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Meteorite moves to Flag
Astronomer Carolyn Shoemaker talks with Drew Barringer about the Verkamp Meteorite during its unveiling at Lowel Observatory Friday afternoon. (Jake Bacon/Arizona Daily Sun/Order this photo at

The 535-pound fragment of the meteorite that formed Meteor Crater lay undisturbed for 49,000 years before being discovered in 1903 by mining engineer Daniel M. Barringer.

Then, the fragment spent more than a century at the Verkamp's curio shop at the South Rim of the Grand Canyon.

Now, the fragment has found a new home at Lowell Observatory in Flagstaff. The meteorite was unveiled by members of the Barringer and Verkamp families during a ceremony at the observatory Friday afternoon.

The move occurred in the wake of the closure of the Verkamp's store, said Kevin Schindler, outreach manager for the observatory. When news of the upcoming closing spread last year, Barringer's grandson, Drew, approached the observatory to ask if the meteorite would find a home at the science facility.

"After we wiped the drool off our lips, we said, 'Yes, we believe so,'" Schindler said, laughing.

The only stipulation the Verkamp and Barringer families had was that the fragment would be put on display and not placed into storage, Schindler said. So, observatory staff decided the best place for the display would be in the visitor center lobby.

"Millions of people have seen this throughout the years while at the Grand Canyon," Schindler said, including presidents and foreign dignitaries. Now, the fragment will be one of the first items the observatory's 80,000 visitors a year will see.

During the ceremony, Drew Barringer said he was approached by the Verkamps to help find the fragment a new home. The logical fit appeared to be the observatory and the advisory board agreed.

"I think it's terrific the Verkamp history can continue here at Lowell and visitors can continue to see the Big Rock," Barringer said.

Stephen Verkamp, former U.S. Magistrate Judge in Flagstaff, said he liked to call the fragment the "sky stone" or "sky rock."

With brother John (former state senator) looking on, Verkamp had the gathered crowd laughing with tales of people trying to steal the fragment, only to get caught and forced to give the fragment back to the Verkamp family.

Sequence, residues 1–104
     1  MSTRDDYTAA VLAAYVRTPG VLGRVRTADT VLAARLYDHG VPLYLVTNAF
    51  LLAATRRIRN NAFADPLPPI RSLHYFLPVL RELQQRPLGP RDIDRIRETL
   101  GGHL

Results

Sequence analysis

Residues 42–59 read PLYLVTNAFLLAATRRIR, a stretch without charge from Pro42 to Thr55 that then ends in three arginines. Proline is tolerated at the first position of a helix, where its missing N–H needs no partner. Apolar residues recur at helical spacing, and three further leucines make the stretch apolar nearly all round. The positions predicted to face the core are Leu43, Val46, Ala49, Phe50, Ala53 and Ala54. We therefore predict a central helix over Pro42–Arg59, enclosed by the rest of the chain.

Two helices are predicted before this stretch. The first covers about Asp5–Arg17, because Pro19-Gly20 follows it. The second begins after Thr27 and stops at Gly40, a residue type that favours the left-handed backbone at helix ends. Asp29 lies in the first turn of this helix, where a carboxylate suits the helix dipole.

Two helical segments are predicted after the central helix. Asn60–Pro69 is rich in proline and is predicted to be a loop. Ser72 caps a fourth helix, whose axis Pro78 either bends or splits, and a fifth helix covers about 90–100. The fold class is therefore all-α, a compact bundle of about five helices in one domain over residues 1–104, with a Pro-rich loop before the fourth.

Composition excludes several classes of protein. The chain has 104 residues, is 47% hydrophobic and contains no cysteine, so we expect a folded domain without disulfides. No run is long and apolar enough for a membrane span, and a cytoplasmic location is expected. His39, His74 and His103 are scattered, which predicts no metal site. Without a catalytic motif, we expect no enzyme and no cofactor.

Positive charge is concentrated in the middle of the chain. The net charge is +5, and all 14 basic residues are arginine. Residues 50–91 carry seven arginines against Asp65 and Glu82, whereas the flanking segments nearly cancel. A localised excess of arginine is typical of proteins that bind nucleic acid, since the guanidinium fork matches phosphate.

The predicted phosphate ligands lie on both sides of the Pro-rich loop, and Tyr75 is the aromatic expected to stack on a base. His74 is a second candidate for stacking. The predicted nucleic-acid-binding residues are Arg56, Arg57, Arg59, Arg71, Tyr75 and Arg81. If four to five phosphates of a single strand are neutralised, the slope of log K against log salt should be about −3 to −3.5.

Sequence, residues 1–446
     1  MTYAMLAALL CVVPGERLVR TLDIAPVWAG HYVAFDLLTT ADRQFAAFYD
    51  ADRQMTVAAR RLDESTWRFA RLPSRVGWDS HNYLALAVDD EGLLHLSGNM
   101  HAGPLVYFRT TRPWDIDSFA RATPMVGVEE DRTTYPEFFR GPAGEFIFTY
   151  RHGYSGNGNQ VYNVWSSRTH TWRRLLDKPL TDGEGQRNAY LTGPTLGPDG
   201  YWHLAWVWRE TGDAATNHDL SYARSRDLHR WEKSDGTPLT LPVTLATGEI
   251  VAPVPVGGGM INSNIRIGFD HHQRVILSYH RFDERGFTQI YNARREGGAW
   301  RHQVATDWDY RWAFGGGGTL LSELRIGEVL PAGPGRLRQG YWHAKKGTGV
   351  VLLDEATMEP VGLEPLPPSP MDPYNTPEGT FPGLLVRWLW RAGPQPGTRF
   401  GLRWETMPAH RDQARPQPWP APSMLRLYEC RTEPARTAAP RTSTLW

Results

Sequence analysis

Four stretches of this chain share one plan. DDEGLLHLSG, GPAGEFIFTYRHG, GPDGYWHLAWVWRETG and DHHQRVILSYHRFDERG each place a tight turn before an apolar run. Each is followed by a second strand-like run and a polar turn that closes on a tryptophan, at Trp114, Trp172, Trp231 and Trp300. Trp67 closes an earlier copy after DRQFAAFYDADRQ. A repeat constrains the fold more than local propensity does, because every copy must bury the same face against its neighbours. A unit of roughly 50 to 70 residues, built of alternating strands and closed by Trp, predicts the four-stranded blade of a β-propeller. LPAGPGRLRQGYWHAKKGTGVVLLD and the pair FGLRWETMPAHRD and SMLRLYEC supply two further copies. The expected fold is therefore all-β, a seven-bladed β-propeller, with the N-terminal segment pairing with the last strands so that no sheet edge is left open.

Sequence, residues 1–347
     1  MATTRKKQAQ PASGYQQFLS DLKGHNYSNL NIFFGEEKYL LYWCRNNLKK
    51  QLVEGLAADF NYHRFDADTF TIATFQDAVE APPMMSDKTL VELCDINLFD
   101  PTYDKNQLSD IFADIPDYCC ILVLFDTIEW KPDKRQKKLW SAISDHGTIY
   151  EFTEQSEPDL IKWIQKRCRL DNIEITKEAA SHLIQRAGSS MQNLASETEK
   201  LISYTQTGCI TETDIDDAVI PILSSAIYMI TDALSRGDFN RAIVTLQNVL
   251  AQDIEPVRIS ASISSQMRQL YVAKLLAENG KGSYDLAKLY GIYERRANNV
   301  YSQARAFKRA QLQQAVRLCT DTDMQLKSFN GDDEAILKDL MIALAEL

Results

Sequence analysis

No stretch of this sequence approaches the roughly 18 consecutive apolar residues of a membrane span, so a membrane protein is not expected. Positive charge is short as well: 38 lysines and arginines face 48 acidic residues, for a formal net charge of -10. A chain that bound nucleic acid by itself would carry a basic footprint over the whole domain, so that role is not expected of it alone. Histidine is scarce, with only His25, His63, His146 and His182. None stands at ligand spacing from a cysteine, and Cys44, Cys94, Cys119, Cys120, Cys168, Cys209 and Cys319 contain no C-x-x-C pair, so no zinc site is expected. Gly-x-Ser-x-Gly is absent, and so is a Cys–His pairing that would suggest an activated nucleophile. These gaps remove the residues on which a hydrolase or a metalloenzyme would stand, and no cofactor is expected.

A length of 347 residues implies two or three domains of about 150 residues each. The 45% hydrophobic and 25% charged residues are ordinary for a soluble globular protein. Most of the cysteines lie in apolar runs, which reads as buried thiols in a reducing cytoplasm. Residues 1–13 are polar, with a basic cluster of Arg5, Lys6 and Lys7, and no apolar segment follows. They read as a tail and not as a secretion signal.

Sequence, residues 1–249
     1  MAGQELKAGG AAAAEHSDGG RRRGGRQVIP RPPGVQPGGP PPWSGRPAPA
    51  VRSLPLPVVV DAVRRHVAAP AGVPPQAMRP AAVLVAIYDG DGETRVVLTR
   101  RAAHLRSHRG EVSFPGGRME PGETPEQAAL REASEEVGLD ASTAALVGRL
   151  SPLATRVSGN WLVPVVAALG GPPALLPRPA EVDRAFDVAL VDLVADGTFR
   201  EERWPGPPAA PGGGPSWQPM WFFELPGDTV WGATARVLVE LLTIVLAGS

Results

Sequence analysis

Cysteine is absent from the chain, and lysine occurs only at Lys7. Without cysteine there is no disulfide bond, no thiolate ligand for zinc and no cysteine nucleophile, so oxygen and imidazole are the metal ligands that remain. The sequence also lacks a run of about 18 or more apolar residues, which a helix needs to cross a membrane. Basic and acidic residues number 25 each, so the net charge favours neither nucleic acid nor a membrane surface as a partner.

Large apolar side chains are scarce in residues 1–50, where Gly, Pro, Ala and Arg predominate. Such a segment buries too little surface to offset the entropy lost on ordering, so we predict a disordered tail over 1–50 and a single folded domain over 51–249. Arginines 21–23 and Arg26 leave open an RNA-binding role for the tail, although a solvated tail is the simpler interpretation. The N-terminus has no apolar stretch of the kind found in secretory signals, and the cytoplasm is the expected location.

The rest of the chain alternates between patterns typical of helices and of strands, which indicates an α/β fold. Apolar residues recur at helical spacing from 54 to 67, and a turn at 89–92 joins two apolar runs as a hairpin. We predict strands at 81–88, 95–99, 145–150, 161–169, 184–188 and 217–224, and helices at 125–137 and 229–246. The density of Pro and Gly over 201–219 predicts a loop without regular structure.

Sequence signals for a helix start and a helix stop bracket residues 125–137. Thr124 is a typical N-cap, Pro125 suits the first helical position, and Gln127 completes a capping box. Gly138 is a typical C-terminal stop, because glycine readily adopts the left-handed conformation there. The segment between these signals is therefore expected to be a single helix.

As to how the Verkamp family ended up with the fragment, Verkamp said, "We don't quite know." Therefore, the true ownership of the piece has always been the center of a joking and fun dispute between Verkamp and Barringer. Now, all has been hashed out.

Verkamp said he expected a major engineering feat to move the fragment. But Ralph Nye, the mechanical guru for the observatory who specializes in designing instrumentation for the observatory, made short work of the move.

The fragment ties in well with much of the observatory's research in Earth-approaching asteroids, Schindler said. It was actually Gene Shoemaker, Flagstaff-based astrogeologist, who helped definitively conclude that Meteor Crater (often called Barringer Crater) was the result of a meteorite strike.

The crater, still owned by the Barringer family, is also one of the easiest to access and is the best preserved in the world, Schindler said.

Shoemaker's widow, Carolyn, a member of the observatory's advisory board, was present during the unveiling ceremony. The two, along with David Levy, are also known for the discovery of the Shoemaker-Levy 9 comet that smashed into Jupiter in 1994.

The crater created by the meteorite that left the fragment discovered by Barringer's grandfather is about 4,000 feet in diameter. The crater is 570 feet deep and has a rim that rises 150 feet above the plain surrounding it.

Scientists estimate the nickel-iron meteorite that created the crater was about 150 feet wide and traveling at about 28,000 miles an hour when it hit, creating a blast about 150 times the strength of the Hiroshima atomic bomb.

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The fragment at the observatory was found near Canyon Diablo, not far from the crater site.

As for the meteorite fragment's new home, Schindler said it won't be going anywhere anytime soon.

"It precedes us by 49,000-plus years," Schindler said. "And we're expecting it to be here for a long, long time — as long as Lowell Observatory is here."

Larry Hendricks can be reached at 556-2262 or

What: Barringer-Verkamp meteor fragment display

Where: Lowell Observatory, 1400 W. Mars Hill Road, visitor center

Hours: 9 a.m. - 5 p.m., Monday - Saturday; 5:30 - 10 p.m., Monday - Saturday

Admission: $6 adults; $5 seniors, AAA, students; $3 ages 5-17; free under 5 and members

Info: 774-3358

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